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Advertiser in 1814 — his age being then, at the utmost,

2023-11-28 22:22:18 [two] source:All kinds of troubles

Mrs. Lewis bounded from her chair and turned a startled face to Mr. Levice, who had thus spoken, standing in the doorway. Mrs. Levice breathed a sigh of hysterical relief.

Advertiser in 1814 — his age being then, at the utmost,

"Good-afternoon, Jennie," he said, coming into the room and shaking her hand; "sit down again. Good-afternoon Esther;" he stooped to kiss his wife.

Advertiser in 1814 — his age being then, at the utmost,

Mrs. Lewis's hands trembled; she looked, to say the least, ashamed. She had been caught scandal-mongering by her uncle, Jules Levice, the head and pride of the whole family.

Advertiser in 1814 — his age being then, at the utmost,

"I am sorry I heard what I did, Jennie; sorry to think that you are so poor as to lay the vilest construction on an affair of which you evidently know nothing, and sorry you could not keep your views to yourself." It was the habit of all of Levice's relatives to listen in silence to any personal reprimand the dignified old man might offer.

"I heard a good part of your conversation, and I can only characterize it as--petty. Can't you and your friends see anything without springing at shilling-shocker conclusions? Don't you know that people sometimes enjoy themselves without any further design? So much for the theatre talk. What is more serious is the fact that you could so misjudge my honorable friend, Dr. Kemp. Such a thing, Jennie, my girl, would be as remote from Dr. Kemp's possibilities as the antipodes. Remember, what I say is indisputable. Whether Ruth knew the story of this girl or not, I cannot say, but either way I feel assured that what she did was well done--if innocently; if with knowledge, so much the better. And I venture to assert that she is not a whit harmed by the action. In all probability she will tell us all the particulars if we ask her. Otherwise, Jennie, don't you think you have been unnecessarily alarmed?" The benign gentleness of his question calmed Mrs. Lewis.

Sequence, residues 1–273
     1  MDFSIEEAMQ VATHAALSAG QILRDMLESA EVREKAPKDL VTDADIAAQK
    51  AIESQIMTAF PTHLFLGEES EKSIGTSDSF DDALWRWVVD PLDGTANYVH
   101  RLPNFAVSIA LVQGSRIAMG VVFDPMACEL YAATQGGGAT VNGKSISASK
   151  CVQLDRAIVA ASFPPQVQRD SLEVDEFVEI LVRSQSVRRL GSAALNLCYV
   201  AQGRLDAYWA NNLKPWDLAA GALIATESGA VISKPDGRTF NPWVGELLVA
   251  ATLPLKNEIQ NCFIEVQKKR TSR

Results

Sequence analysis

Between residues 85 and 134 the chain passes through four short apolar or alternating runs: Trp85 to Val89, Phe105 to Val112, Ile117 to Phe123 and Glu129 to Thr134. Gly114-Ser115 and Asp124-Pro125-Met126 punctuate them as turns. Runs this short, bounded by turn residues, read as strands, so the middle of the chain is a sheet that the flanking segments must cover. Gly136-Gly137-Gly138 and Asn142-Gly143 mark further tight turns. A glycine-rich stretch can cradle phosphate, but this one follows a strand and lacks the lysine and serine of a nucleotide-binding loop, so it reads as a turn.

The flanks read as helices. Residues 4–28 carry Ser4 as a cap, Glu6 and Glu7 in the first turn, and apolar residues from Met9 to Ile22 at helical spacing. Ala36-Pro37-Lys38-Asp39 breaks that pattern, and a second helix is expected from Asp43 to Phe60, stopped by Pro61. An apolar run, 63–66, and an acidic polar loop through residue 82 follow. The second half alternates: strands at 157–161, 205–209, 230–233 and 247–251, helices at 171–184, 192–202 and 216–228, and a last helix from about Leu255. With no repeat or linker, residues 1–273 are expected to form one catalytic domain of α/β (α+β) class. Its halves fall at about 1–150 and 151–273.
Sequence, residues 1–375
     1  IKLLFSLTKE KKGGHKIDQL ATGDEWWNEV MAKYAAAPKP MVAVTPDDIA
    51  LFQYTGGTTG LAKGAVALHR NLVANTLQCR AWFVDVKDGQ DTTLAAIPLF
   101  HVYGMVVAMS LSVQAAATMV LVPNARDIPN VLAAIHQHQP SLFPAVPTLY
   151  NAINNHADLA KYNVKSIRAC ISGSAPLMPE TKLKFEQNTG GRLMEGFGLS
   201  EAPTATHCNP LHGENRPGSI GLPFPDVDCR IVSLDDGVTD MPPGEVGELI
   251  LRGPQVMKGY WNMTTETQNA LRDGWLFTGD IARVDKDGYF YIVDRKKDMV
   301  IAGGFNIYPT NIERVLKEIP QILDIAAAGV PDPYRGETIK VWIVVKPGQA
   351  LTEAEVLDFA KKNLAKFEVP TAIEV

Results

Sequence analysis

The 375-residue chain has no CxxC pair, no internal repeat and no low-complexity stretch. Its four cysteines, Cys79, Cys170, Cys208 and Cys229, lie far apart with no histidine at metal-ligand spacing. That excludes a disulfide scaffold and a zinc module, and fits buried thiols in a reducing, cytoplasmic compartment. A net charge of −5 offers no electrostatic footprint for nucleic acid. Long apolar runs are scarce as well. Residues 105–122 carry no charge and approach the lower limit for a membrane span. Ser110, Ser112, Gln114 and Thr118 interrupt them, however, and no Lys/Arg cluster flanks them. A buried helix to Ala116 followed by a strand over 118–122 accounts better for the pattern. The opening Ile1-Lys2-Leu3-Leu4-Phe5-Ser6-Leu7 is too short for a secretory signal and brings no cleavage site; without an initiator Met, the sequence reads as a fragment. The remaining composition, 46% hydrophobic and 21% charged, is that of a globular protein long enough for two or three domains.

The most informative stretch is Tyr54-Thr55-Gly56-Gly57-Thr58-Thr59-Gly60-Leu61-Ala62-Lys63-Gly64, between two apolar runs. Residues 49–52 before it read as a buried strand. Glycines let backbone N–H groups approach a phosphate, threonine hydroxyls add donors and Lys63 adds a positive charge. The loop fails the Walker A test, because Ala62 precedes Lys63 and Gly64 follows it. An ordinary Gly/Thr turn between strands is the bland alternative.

"Uncle," she replied earnestly, "in my life such things are not trivial; perhaps because my life is narrower. I know you and Ruth take a different view of everything."

"Don't disparage yourself; people generally do that to be contradicted or to show that they know their weaknesses and have never cared to change them. A woman of your intelligence need never sink to the level of a spiteful chatterbox; every one should keep his tongue sheathed, for it is more deadly than a sword. Your higher interests should make you overlook every little action of your neighbors. You only see or hear what takes place when the window is open; you can never judge from this what takes place when the window is shut. How are the children?"

By dint of great tenderness he strove to make her more at ease.

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